The Ways We Hide Audible Audiobook – Unabridged
From New York Times and bestselling author of Sold on a Monday comes a riveting tale of a woman whose recruitment to British intelligence during WWII leads to a harrowing journey of love, betrayal, and a deadly game of chance
Haunted by an unfathomable tragedy in a Michigan copper-mining town, Fenna Vos has learned to focus on her own survival, even as World War II rages on. Now, she performs with an escape artist. Her honed ability to control her surroundings and elude entrapments, physical or otherwise, helps her run from the trauma of her youth.
Then, Fenna is recruited by British intelligence. Tasked with creating escape tools to thwart the Germans, MI9 seeks those with specialized skills for a war nearing its breaking point. Though reluctant, Fenna joins an unconventional group of inventors and proves herself worthy of the cause. But for Fenna, delving deeper into the fray means a pivotal confrontation with her past, and the stakes are more treacherous than she ever imagined.
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|Listening Length||17 hours and 8 minutes|
|Audible.ca Release Date||September 06 2022|
|Best Sellers Rank|| #59,868 in Audible Books & Originals (See Top 100 in Audible Books & Originals) |
#3,979 in Historical Fiction (Audible Books & Originals)
#177,068 in Literature & Fiction (Books)
Top reviews from Canada
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Its WW II and Fenna is the brains and talent behind an illusionist act and she herself is disillusioned.
Her talent is recognized and she is recruited by British intelligence to use her skills in for one designing gadgets.
It is a fascinating read to see behind the scenes and the gadgets and other means that are put to use by M19.
You cant help but cheer ,cry and admire Fenna.
The book is fast paced, suspenseful and a great read that I wont soon forget.
Kristina McMorris never disappoints in her storytelling and The Ways We Hide is no exception.
Time passes, and due to Fenna's skill of designing magic tricks and performing the art of deception, , Fenna finds herself recruited to join MI9 in Great Britain during WW2 as an inventor of gadgets and escape aids to assist members of allied forces.
Soon, Fenna is called upon to assist allied forces in finding a member of their team who they suspect of being a traitor. The suspect turns out to be none other than Arie himself.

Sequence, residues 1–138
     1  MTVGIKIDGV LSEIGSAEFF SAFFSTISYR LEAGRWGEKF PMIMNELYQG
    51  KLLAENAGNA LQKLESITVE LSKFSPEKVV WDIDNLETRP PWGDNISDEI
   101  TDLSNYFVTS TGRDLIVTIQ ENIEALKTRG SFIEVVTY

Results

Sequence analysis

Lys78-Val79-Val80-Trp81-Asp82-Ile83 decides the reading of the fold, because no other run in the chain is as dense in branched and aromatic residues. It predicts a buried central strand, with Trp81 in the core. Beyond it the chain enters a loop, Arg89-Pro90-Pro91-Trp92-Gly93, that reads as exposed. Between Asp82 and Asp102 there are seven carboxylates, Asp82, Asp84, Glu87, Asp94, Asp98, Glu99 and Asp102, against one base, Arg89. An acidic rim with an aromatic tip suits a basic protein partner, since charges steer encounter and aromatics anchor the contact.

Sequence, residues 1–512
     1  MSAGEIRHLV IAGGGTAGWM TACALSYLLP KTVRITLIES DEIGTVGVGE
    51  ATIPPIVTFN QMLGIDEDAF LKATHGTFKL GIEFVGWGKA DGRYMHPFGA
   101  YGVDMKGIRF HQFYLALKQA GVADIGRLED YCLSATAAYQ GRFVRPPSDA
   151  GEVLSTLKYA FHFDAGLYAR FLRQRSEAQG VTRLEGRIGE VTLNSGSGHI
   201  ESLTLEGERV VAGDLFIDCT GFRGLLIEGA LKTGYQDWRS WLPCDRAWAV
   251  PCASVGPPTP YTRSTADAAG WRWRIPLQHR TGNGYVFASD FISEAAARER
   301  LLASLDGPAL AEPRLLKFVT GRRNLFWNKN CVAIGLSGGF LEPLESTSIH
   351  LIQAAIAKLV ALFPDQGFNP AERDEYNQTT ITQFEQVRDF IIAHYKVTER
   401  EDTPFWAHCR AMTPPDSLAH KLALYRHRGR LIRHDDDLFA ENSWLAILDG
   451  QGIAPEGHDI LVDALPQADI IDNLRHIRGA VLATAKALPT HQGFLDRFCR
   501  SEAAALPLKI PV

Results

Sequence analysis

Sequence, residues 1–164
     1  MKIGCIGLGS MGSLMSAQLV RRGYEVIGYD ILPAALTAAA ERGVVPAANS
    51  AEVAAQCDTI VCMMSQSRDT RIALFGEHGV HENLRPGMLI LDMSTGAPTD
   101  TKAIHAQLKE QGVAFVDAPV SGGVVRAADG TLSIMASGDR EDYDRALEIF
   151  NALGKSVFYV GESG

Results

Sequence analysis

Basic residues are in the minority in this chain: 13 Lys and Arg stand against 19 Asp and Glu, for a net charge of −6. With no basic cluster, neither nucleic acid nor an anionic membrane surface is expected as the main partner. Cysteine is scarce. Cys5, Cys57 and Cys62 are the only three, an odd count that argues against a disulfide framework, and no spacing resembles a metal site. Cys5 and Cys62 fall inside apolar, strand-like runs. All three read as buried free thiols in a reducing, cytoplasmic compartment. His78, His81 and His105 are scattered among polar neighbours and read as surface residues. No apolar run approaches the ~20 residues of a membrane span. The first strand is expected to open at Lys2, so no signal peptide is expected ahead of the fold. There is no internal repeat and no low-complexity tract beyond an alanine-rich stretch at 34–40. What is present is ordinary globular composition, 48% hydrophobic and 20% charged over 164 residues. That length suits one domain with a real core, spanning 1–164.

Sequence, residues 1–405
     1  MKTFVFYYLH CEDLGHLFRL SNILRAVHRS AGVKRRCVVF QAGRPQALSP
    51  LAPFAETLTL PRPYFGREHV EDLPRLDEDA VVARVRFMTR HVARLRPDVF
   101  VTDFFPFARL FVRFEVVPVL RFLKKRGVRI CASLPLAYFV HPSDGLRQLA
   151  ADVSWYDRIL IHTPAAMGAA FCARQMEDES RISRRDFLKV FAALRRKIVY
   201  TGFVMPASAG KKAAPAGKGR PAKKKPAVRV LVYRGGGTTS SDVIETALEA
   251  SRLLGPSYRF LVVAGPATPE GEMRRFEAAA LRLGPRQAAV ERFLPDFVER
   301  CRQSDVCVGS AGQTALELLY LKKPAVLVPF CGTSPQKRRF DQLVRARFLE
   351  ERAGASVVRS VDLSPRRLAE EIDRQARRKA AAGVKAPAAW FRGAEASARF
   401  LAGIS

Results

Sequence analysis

Kristina McMorris' writing is hypnotic as she weaves the threads of this story together. Inspired by true encounters , it is easy for a reader to envision these events unfolding during war time, and maybe beyond.
If one chooses to listen to the audio version, narrator Cassandra Campbell does a stunning job of telling the author's story with incredible tone, inflection, and care. It is well performed.
Top reviews from other countries
The Ways We Hide stands out for me mostly because the plot blew me away more than the characters. I am a huge character girl; if your characters don't feel real, chances are you're getting a critical review from me. And to be honest, the action-packed nature of the setting does make Fenna, Arie, Charles, and others feel a shade two-dimensional. However, I knew enough about their inner workings and inner lives to root for them. I stuck with them precisely because I got to see almost every facet of their lives in real time. I didn't get the hazardous "telling over showing" issue I often find with first-person narration. Instead, Fenna's relatable voice let me know not only her, but the life she lived, the people in it, and why she cherished that life.
Indeed, some novels are "slice of life" stories. The Ways We Hide is more like, "Here's my life story," which would ordinarily turn me off, but here, kept my pages turning late into the night. Kristina dived headfirst into her homework, not only concerning the war itself, but concerning civilian life in the years before. I loved her exploration of locales and people groups WWII stories don't usually cover, from Dutch immigrants to Michigan mining country, from Catholicism to spiritualism, from the world of magic to the world of spying and codebreaking.